Fall Wedding at the Chicago Club

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Some weddings fall together effortlessly, and this was one of them. With every passing year, my business attracts lovelier and lovelier clientele and this gorgeous bride was no exception to this happy trend. She chose the Chicago Club in part due to the mega glorious new roof top they’ve unveiled with stunning, supervillain views of the city, and her palette of champagne with touches of merlot, cappuccino and aubergine was perfection. For a wild, gestural look on the tables, we employed Japanese anemone, Cafe au lait dahlias and Caucasian scabiosa from our farm, as well as fruited quince branches, foraged sumac and boughs of pistachio.

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Los Poblanos Lavender Farm

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Los Poblanos lavender farm in New Mexico is one of the very coolest wedding venues I’ve ever seen. The land was settled in 1920, and was originally inhabited by the Anasazi (ancient pueblo Indians) in the 14th century. Many of the original settlers in this area were thought to have come from Puebla, Mexico, a citizen of which is called a “Poblano”. In 1932, Ruth Hanna McCormick Simms commissioned architect John Gaw Meem and numerous WPA artists and craftsmen to renovate the ranch house and create the Cultural Center with gardens designed by Rose Greeley, one of the very first american women to practice landscape architecture.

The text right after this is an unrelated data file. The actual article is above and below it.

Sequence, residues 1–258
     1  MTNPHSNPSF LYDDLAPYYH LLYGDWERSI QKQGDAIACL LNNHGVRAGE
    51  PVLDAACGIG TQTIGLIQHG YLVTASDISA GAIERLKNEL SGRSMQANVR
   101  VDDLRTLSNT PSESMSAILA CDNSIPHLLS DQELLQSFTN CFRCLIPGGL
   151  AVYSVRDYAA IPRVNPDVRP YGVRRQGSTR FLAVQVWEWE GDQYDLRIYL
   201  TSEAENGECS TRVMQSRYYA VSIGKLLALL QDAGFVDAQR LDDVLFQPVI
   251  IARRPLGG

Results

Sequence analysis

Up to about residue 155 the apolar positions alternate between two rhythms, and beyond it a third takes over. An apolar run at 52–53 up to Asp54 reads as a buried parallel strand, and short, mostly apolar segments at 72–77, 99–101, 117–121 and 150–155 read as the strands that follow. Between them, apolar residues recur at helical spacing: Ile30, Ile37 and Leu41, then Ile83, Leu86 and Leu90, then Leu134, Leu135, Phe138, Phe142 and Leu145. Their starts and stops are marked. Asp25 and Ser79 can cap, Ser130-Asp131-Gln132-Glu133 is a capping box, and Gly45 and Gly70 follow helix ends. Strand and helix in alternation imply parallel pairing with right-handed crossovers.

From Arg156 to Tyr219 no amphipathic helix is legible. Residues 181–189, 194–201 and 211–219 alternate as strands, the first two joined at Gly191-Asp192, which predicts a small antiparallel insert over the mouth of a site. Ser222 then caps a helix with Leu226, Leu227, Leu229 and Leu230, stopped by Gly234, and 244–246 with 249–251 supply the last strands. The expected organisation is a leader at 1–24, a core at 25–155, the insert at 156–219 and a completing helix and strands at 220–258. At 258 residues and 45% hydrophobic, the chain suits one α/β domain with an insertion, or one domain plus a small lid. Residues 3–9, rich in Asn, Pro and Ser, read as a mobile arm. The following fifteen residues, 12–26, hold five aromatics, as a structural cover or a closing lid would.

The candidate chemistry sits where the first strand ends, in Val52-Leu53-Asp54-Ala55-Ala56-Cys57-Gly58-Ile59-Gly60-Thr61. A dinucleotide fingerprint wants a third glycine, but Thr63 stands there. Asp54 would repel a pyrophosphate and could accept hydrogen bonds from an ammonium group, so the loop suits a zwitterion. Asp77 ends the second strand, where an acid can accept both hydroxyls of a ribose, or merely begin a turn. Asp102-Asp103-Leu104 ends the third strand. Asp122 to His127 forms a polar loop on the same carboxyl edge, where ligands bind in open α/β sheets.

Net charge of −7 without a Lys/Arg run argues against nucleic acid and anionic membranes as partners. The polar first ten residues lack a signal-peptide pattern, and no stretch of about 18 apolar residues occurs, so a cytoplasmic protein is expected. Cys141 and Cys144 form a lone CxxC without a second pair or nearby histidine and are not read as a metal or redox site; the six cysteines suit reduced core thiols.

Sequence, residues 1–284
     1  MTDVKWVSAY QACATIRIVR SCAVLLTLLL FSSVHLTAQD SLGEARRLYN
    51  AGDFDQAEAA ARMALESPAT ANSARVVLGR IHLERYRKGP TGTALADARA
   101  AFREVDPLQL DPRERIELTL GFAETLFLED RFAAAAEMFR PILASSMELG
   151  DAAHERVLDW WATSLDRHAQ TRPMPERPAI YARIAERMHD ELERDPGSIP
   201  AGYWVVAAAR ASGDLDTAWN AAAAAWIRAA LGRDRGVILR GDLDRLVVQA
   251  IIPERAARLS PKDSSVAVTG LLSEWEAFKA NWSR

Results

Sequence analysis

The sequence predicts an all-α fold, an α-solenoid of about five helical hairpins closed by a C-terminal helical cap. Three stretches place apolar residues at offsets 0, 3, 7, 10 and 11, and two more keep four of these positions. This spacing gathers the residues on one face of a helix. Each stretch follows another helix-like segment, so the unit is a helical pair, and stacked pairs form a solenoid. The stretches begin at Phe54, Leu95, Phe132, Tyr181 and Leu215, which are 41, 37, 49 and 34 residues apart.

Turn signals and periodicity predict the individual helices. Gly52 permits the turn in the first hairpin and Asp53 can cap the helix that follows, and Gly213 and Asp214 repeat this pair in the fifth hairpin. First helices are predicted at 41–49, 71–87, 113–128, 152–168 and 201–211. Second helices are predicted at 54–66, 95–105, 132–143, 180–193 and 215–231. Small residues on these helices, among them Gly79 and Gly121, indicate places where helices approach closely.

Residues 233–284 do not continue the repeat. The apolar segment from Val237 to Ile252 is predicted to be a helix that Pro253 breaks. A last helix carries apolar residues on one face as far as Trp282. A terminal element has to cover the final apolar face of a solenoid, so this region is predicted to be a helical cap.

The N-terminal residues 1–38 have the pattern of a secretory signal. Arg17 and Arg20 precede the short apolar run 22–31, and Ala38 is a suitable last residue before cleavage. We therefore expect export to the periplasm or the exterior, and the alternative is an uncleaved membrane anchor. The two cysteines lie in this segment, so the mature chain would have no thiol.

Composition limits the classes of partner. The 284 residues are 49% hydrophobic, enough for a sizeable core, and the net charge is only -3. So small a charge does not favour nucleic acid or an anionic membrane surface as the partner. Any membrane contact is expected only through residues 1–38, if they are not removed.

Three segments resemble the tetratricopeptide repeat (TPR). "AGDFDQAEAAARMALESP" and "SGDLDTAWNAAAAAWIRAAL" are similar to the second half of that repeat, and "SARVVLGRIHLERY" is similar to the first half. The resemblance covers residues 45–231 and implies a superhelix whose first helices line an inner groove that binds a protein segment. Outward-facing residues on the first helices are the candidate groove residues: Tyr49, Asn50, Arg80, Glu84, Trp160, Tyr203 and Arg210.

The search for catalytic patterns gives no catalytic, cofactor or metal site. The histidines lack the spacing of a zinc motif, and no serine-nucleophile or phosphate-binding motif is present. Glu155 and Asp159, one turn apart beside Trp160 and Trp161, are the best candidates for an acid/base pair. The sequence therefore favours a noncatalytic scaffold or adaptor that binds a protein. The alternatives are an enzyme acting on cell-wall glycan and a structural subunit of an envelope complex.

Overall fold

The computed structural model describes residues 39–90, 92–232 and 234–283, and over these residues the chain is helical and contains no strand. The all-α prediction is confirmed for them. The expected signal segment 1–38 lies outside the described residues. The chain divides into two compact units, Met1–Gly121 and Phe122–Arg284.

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The farm’s lavender products have a magical quality to them. With centuries of use all over the world, Lavender is a powerful antidepressant, antiseptic and healing agent- the Japanese use it as aroma-therapy in factories to increase productivity and it was used in both the first and second World Wars, not only in the treatment of wounds but as a cleaning agent in hospitals.  Just inhaling the scent of lavender is known to increase the alpha brain waves in the back of the head, aiding in relaxation and tranquility and thus boosting the immune system. Their Lavender Hand Salve is my favorite to repair my hands after a long day working at our flower farm- a luxurious solution to a luxurious problem!